Which is where the other side of professionalism becomes so important. If you have to become certified, would it not be a good idea to have a certification process that results in something of inherent value, rather than a token piece of paper that is useful only as a checkmark in a recruiting box? Though I have looked, I have yet to find such a programme. The reason appears to be that there is no body of training professionals – none – that has the advancement of the profession at heart. Even if such an objective appears somewhere in their charter, it is not manifested in their behaviour. It may be too much to hope for that any professional body could be anything more than a committee-hampered bureaucracy destined to put all of its efforts into resisting change and preserving the status quo. Dynamism and forward thinking are not characteristics that one associates with such organisations.
Yet here we are, at what I believe is a crossroads for the corporate training ‘profession’, facing diminishing relevance and possible extinction within a decade, without any organised way forward. What are entities such as ITOL, BLA or ASTD doing to help guide companies toward more effective learning strategies? More importantly, what are they doing to help trainers adapt for the chaotic future in which we have to thrive? Certifying that members know how to dress appropriately, design courses, and make presentations is hardly adequate (OK, I know that’s a gross over-simplification). A professional body should be taking a much more strategic view of the learning outputs sought by companies and the changing cultures and climates in which trainers operate. I don’t see that reflected in member education priorities, certification requirements, marketing activities for the profession, or topics under discussion at their various conferences. It pains me that we who are so committed to needs analyses, objective setting, process design, and continuous improvement accept such lacklustre myopic thinking from those who claim to represent us.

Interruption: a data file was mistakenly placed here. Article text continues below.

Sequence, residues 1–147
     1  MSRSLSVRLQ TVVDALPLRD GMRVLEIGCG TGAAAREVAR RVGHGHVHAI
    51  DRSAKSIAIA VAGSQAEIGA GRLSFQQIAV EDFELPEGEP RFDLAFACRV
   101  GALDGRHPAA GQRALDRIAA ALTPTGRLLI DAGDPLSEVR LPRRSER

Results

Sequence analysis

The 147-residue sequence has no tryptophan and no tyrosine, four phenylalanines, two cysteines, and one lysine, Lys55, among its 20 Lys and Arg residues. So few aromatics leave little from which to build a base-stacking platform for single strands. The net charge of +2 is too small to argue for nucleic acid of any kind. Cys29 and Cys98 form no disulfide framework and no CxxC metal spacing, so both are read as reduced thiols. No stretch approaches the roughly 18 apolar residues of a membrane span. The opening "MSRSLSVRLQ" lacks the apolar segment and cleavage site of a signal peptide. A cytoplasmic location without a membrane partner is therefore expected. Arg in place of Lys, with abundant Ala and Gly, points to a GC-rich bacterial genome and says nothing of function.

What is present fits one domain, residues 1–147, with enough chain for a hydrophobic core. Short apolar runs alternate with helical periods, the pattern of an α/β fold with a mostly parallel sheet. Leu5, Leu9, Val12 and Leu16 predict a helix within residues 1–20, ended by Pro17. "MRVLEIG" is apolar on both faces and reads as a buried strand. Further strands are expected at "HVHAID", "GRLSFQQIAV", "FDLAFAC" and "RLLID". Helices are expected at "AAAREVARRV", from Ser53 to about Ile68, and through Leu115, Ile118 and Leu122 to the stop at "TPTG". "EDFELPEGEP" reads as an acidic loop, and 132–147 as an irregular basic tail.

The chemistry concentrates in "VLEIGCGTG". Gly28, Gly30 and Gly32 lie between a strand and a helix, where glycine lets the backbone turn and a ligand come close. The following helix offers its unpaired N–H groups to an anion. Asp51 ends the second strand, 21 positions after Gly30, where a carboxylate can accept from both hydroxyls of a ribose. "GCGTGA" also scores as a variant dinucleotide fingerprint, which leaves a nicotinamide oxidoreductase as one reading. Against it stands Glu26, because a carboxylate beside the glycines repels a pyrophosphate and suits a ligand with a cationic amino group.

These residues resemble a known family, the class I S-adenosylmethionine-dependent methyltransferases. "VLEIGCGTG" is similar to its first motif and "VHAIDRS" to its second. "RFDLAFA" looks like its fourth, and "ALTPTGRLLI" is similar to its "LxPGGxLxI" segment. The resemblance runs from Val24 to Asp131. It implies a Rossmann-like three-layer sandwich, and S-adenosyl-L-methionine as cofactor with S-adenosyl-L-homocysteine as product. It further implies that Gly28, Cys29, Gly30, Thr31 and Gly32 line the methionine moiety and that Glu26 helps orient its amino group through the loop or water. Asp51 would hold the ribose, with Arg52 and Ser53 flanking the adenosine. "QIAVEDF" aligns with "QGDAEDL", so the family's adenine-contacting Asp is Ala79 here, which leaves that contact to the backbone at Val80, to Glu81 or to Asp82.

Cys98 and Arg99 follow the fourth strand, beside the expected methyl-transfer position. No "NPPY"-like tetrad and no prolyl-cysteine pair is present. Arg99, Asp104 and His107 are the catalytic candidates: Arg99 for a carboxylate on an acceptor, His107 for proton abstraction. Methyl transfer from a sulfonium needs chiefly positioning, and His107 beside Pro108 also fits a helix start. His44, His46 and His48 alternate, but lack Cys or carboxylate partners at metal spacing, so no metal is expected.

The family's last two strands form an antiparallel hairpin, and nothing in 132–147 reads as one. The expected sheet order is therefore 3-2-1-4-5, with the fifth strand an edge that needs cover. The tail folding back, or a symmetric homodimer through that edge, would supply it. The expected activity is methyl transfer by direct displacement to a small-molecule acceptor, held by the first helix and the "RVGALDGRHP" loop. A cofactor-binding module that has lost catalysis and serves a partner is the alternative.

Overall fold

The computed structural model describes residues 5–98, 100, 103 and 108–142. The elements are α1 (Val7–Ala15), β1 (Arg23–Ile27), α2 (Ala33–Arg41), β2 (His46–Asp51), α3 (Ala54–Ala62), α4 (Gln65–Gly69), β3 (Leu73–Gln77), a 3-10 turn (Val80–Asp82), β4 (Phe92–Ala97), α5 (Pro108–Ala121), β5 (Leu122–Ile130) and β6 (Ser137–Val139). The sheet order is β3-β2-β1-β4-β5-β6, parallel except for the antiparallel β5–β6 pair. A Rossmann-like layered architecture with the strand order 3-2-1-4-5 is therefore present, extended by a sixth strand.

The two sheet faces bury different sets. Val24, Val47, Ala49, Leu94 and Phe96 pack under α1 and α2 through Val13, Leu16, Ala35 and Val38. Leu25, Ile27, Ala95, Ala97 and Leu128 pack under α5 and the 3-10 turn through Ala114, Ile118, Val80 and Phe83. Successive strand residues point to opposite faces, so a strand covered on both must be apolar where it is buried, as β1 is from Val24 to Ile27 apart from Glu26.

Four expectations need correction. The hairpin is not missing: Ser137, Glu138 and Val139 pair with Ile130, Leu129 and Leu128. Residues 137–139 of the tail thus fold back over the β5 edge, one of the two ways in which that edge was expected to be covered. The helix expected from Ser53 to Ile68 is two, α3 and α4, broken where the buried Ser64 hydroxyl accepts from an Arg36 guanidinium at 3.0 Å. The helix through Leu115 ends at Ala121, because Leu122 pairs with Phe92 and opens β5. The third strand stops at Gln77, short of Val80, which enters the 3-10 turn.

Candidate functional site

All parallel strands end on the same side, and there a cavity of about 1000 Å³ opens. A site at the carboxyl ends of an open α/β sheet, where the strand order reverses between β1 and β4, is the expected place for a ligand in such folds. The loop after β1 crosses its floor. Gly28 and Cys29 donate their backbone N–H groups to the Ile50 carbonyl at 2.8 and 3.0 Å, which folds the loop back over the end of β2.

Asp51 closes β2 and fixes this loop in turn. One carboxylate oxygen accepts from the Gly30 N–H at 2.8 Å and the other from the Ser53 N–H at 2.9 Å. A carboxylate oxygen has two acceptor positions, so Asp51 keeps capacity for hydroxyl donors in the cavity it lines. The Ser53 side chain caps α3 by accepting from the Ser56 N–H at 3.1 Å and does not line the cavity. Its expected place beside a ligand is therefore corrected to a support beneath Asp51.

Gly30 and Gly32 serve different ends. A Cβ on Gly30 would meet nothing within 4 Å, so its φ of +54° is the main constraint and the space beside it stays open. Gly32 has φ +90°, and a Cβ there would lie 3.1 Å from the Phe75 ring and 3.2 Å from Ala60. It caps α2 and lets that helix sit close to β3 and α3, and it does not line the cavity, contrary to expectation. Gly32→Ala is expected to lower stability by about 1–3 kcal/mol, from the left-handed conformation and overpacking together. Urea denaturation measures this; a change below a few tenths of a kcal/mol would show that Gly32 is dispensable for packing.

I know of many who have abandoned the “training” label altogether because they feel constrained by the limited perceptions others have of trainers. I tend to describe my own role in terms much more specific to any project for the same reasons: performance improvement facilitator, for example, or organisational developer (without the capitals), or learning strategist. But these labels are themselves a little grotesque – I would far rather call myself a “trainer”, and would if the term connoted more than the narrow and old-fashioned concept that the profession has become trapped in.
It will take an in-touch, dynamic, and courageous professional body to change both the perception and the reality of what training is, and can be. Do we put 40,000 volts through one of the existing bodies and transform it into something useful, do we create yet another new body, or is it a case of everyone for themselves, certificates in hand?
* Read more of Godfrey Parkin's columns here.